Millions of Americans could see their bank account information collected and reported to the Internal Revenue Service under a controversial proposal put forward by Democrats.
Top-ranking Democrats fashioned the plan earlier this year to require financial institutions and banks to disclose annual outflows and deposits of $10,000 in a move said to help the IRS crackdown on wealthier tax cheats.
Under the latest proposal, recipients of federal benefits of Social Security and unemployment will be exempt, along with income received through a paycheck that has already had federal taxes automatically deducted.
The Joint Committee on Taxation has estimated that Americans who earn less than $400,000 adjusted gross income, numbering 87 million Americans, will see account information reported to the IRS.
This number represents a little more than half, about 59%, of taxpayers in the United States earning less than $400,000.
House Democrats have already passed a version of the Build Back Better bill that omitted the IRS monitoring provision after Senator Joe Manchin (D-W.Va.) called it “screwed up” and opposed its inclusion.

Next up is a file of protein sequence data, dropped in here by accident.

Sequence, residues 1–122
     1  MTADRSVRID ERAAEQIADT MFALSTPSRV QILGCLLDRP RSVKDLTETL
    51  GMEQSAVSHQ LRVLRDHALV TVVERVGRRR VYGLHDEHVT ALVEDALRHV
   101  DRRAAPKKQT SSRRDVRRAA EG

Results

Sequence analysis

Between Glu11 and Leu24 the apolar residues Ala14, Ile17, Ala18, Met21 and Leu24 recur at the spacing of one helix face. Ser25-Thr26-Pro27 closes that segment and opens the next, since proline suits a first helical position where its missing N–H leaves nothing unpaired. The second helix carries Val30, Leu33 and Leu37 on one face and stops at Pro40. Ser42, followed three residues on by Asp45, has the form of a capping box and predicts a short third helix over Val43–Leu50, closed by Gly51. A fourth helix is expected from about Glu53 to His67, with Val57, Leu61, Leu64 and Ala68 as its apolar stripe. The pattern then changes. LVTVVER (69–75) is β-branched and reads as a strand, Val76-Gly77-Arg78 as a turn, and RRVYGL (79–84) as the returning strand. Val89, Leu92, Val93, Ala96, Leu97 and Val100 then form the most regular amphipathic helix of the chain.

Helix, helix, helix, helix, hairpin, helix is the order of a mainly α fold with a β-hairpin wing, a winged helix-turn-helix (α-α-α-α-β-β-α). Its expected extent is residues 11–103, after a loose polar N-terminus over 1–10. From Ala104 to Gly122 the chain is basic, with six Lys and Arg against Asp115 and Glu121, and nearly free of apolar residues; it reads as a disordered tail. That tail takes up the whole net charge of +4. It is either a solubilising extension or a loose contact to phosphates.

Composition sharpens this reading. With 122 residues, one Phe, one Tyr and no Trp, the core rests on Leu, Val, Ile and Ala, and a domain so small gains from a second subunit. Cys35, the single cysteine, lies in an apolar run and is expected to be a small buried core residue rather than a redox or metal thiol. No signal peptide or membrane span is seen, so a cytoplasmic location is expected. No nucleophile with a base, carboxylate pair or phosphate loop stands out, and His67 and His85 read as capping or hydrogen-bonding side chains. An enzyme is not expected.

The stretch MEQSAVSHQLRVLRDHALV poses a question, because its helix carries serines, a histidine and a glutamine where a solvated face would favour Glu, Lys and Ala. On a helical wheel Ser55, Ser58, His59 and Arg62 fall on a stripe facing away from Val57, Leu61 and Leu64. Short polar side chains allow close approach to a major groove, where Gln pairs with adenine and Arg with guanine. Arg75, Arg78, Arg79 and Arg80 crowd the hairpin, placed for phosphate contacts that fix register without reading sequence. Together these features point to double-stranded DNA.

Revenue from the account monitoring plan was intended to fund Biden’s economic spending measures. The provision faced fierce criticism from industry groups, Republicans, and banks.
The Biden administration has consistently and repeatedly defended the plan despite criticism from banks and others.
A memo from the White House to congressional Democrats explained that requiring financial institutions and banks to provide a “little bit of high-level information” to the IRS on flows in and out of accounts will give the agency valuable information about wealthier Americans’ earnings from business activity and investments.
The administration stresses that banks will not be required to report individual transactions but “basic, high-level information on account inflows and outflows.”
They also state that audit rates for Americans earning less than $400,000 will not increase or change. As part of anti-money laundering requirements, banks are already required to report any individual transactions that exceed $10,000 to the Financial Crimes Enforcement Network.
Senator Tim Scott, R-S.C., one of the leaders opposing the proposal, said the direct collection of any additional data from banks accounts is concerning.
“The Democrats’ plan to allow the IRS to spy on the bank accounts of nearly every person in this country, even those below the poverty line, should be deeply concerning to anyone who values privacy and economic inclusion.”
In response, Sen. Scott introduced a bill to prevent the IRS from moving ahead with the Senate Democrats’ and Treasury Department’s proposal.